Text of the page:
Trump Signs Legislation to Repeal Obama-Era Arbitration Rule

The Washington Times quoted Iain Murray on the need for Congress to disapprove of the CFPB’s egregious rule against small dollar loans. 

President Trump signed legislation Wednesday afternoon repealing the Consumer Financial Protection Bureau’s mandatory arbitration rule that encouraged class-action lawsuits against banks and credit card companies.

Mr. Trump signed the measure despite a personal appeal from CFPB Director Richard Cordray and opposition from some veterans’ groups. Business and trade groups generally praised the move.

“Arbitration is a simpler, flexible, and faster process than turning to the courts to settle an issue between consumers and financial companies,” said Jason Oxman, CEO of the Electronic Transaction Association, which represents more than 500 payments and technology companies. “The rejection of the anti-arbitration rule is an important win for consumers and the U.S. economy.”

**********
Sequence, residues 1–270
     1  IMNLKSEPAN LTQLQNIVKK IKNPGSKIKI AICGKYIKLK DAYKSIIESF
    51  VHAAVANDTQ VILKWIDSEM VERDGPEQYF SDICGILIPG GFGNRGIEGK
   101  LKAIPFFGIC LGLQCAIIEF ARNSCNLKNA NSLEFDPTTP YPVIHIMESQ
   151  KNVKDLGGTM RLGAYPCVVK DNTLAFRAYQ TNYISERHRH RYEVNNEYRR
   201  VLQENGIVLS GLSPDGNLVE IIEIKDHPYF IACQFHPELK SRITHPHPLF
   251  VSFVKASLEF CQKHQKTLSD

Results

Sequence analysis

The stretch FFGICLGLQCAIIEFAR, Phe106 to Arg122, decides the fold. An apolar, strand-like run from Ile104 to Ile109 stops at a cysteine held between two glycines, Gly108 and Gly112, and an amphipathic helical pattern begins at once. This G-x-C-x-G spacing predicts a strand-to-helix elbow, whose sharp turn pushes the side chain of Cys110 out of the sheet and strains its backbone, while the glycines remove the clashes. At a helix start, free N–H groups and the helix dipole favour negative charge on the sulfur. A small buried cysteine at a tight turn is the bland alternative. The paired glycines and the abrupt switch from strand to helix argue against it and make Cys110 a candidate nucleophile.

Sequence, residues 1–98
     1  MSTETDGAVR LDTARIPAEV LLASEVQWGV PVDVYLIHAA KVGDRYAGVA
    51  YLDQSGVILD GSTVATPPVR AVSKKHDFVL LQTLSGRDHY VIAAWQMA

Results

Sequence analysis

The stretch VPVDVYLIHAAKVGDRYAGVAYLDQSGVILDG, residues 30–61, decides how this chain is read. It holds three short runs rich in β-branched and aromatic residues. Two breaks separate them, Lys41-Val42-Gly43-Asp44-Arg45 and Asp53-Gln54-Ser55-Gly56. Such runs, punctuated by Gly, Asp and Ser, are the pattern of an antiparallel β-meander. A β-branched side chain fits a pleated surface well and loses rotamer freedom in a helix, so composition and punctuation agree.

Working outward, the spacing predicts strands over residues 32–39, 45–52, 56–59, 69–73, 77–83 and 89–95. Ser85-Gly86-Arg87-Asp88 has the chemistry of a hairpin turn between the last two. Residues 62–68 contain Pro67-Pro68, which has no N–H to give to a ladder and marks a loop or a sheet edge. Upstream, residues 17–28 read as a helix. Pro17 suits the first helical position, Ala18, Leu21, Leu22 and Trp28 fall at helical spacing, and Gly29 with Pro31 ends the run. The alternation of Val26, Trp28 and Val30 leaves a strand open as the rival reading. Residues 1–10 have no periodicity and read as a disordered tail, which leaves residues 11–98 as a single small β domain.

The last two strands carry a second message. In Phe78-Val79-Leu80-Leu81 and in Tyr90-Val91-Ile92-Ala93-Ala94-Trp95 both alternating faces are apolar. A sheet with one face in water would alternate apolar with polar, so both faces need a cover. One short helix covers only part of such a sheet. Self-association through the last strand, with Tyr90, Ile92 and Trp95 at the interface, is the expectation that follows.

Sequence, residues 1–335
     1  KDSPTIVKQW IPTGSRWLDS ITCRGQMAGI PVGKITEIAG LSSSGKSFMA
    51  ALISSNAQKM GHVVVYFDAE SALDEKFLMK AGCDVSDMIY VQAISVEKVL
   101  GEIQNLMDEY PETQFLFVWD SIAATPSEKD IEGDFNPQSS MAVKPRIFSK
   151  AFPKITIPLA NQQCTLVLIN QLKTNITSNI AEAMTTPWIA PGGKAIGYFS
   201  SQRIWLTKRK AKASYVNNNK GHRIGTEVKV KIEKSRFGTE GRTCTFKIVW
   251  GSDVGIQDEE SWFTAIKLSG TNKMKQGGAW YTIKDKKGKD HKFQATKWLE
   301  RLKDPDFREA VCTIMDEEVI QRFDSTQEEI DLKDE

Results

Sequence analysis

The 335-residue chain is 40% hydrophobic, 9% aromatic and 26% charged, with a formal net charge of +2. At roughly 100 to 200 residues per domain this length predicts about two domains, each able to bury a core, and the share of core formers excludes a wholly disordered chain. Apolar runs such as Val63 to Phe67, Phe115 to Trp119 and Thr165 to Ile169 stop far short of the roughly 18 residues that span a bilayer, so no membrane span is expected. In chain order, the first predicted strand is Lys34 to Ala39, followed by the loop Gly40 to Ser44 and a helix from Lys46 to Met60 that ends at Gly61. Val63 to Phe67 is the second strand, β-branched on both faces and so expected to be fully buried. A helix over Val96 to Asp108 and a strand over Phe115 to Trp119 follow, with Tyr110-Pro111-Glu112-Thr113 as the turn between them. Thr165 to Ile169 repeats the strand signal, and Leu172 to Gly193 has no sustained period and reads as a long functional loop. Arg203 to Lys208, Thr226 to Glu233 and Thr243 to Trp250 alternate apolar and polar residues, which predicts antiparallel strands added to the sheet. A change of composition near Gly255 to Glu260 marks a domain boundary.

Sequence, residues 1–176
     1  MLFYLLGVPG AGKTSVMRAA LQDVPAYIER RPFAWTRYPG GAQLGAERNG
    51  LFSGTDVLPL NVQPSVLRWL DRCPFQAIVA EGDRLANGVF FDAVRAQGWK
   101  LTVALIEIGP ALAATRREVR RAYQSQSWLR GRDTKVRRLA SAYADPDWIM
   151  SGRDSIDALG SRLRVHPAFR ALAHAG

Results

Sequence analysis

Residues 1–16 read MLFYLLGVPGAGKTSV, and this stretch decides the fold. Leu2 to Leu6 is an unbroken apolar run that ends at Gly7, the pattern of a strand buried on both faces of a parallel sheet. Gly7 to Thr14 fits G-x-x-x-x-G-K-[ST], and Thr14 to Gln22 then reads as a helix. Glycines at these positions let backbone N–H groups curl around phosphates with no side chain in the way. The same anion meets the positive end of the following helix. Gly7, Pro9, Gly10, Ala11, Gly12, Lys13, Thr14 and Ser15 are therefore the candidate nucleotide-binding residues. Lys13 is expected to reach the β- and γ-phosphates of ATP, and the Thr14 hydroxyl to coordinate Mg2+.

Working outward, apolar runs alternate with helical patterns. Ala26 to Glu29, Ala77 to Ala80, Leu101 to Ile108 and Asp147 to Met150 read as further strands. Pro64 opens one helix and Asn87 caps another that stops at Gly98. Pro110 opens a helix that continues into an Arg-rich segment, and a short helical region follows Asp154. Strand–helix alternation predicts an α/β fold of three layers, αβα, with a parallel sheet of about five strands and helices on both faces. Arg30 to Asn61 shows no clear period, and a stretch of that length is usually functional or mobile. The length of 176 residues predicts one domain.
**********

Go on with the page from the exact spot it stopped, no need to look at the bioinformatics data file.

Richard Hunt, president and CEO of the Consumer Bankers Association, said the CFPB’s rule “was never about protecting consumers; rather, it was about protecting trial lawyers and their wallets.”

“The CFPB’s own study backs that up and proves trial lawyers would have been the real winners had this rule gone into effect,” Mr. Hunt said.

Competitive Enterprise Institute financial policy specialist Iain Murray urging similar action against the CFPB payday-lending rule.

“Using impartial, third-party arbitration as a cost-effective form of dispute resolution keeps access to credit open and affordable,” Mr. Murray said. “The next step for Congress is to disapprove the CFPB’s even more egregious rule against small dollar loans, which will kill access to needed credit for millions of less well-off Americans.”

Read the full article at The Washington Times